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Some Flemish schools favour adopting Francophone holiday schedule
Flemish education authority GO! (Gemeenschapsonderwijs) has come out in favour of aligning the school calendar with the new schedule adopted by the Wallonia-Brussels Federation since last year.
Changes to the Francophone calendar prompted debate about making a similar adjustment in Flemish education so that the schedules are aligned.
Differences between the two make it difficult for families to plan their holidays, particularly within Brussels which has both Dutch-speaking and Francophone schools.
While French-speaking children returned to school on 28 August, the Flemish school year begins today (1 September).
But while initial reactions to the change in the Francophone schedule were met with insistence that the Flemish one would never adopt the same, GO’s managing director Koen Pelleriaux said there was now sufficient scientific evidence demonstrating the benefits of shorter summer holidays.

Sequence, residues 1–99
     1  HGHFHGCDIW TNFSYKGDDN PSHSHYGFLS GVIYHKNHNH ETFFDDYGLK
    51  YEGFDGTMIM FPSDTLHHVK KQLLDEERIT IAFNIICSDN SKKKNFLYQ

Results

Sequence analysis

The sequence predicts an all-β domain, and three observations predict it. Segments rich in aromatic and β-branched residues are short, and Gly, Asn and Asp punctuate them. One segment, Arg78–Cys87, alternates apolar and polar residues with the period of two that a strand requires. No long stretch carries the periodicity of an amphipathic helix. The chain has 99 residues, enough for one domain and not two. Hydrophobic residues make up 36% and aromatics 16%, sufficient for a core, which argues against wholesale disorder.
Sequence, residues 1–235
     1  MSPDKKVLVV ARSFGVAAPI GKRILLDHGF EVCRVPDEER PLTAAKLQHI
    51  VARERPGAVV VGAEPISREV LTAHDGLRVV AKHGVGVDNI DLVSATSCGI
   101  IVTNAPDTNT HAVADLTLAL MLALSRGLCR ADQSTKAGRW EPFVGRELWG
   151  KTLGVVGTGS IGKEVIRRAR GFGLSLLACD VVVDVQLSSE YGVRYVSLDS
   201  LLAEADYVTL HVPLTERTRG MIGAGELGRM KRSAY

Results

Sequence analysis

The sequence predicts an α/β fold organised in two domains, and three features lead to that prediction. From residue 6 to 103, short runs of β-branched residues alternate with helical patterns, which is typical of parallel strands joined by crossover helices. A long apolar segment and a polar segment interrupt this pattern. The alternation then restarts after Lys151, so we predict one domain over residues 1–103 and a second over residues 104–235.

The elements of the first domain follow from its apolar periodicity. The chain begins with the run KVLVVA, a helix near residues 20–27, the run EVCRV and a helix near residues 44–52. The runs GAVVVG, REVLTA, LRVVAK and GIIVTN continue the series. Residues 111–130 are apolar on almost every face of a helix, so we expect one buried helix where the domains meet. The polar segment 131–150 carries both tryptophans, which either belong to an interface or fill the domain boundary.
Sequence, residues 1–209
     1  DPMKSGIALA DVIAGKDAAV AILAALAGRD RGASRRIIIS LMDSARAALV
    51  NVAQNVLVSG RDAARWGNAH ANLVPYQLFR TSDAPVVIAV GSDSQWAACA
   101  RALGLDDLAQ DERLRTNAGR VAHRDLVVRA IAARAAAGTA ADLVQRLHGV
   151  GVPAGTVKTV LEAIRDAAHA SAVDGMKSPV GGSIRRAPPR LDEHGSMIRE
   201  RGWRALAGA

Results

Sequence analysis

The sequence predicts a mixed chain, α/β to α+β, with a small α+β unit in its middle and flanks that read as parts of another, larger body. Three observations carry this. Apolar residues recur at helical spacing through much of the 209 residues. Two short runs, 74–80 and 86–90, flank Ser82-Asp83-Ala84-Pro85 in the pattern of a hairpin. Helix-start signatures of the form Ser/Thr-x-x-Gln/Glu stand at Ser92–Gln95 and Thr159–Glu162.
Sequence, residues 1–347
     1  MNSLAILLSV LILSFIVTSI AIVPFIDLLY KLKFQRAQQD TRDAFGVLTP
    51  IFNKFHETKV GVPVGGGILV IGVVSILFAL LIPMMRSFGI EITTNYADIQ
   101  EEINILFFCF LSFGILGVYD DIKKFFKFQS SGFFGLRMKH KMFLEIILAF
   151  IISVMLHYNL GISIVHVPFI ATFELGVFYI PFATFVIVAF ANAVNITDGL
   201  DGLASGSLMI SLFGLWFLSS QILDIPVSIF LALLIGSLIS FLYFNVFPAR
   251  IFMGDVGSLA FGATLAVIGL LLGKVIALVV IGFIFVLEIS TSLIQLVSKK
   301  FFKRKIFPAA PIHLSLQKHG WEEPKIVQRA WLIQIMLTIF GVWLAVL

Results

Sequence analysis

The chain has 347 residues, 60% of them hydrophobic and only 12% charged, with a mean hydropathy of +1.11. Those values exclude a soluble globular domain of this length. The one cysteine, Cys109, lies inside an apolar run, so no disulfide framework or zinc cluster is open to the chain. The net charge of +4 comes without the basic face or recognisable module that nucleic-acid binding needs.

Shorter holidays mean less learning loss for young people, Pelleriaux explained, while giving them enough time to rest.
“Nine weeks of summer holidays is a long time. We would prefer to have seven weeks,” said Pelleriaux.
“Scientific studies clearly show that learning loss occurs after long periods, and this learning loss is not linear.”
For the past year, the summer holidays in French-speaking schools have been reduced to seven weeks, while the Toussaint and Carnival holidays have been extended to two weeks.
As a result, French-speaking pupils alternate periods of seven weeks of lessons with two weeks of holidays throughout the year.
Flemish education minister Ben Weyts (N-VA) remains opposed to a change in the school calendar and the Flemish Education Council (Vlor) and the Flanders Socio-Economic Council (SERV) have also issued unfavourable opinions.
“Everyone agrees that learning is lost during the holidays, but the question is when it happens,” says Weyts.
“I'm not ruling anything out for the future, but before we change anything, we need scientific proof.”